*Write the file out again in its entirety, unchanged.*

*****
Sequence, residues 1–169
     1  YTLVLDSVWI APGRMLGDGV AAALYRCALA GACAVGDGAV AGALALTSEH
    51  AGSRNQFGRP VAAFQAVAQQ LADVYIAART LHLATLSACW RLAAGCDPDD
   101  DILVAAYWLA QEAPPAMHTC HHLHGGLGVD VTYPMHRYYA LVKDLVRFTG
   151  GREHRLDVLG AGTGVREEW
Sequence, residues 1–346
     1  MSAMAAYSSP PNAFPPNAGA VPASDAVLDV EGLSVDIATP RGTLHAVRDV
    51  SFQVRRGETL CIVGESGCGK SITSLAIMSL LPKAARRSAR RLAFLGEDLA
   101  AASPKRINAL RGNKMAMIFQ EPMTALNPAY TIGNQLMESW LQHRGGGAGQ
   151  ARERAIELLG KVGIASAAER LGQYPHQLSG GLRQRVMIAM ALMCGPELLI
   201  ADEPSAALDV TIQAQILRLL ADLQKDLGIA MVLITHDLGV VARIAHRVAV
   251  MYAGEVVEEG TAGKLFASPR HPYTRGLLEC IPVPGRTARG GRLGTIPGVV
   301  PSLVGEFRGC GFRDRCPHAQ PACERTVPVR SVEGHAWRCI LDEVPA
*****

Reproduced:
Sequence, residues 1–169
     1  YTLVLDSVWI APGRMLGDGV AAALYRCALA GACAVGDGAV AGALALTSEH
    51  AGSRNQFGRP VAAFQAVAQQ LADVYIAART LHLATLSACW RLAAGCDPDD
   101  DILVAAYWLA QEAPPAMHTC HHLHGGLGVD VTYPMHRYYA LVKDLVRFTG
   151  GREHRLDVLG AGTGVREEW
Sequence, residues 1–346
     1  MSAMAAYSSP PNAFPPNAGA VPASDAVLDV EGLSVDIATP RGTLHAVRDV
    51  SFQVRRGETL CIVGESGCGK SITSLAIMSL LPKAARRSAR RLAFLGEDLA
   101  AASPKRINAL RGNKMAMIFQ EPMTALNPAY TIGNQLMESW LQHRGGGAGQ
   151  ARERAIELLG KVGIASAAER LGQYPHQLSG GLRQRVMIAM ALMCGPELLI
   201  ADEPSAALDV TIQAQILRLL ADLQKDLGIA MVLITHDLGV VARIAHRVAV
   251  MYAGEVVEEG TAGKLFASPR HPYTRGLLEC IPVPGRTARG GRLGTIPGVV
   301  PSLVGEFRGC GFRDRCPHAQ PACERTVPVR SVEGHAWRCI LDEVPA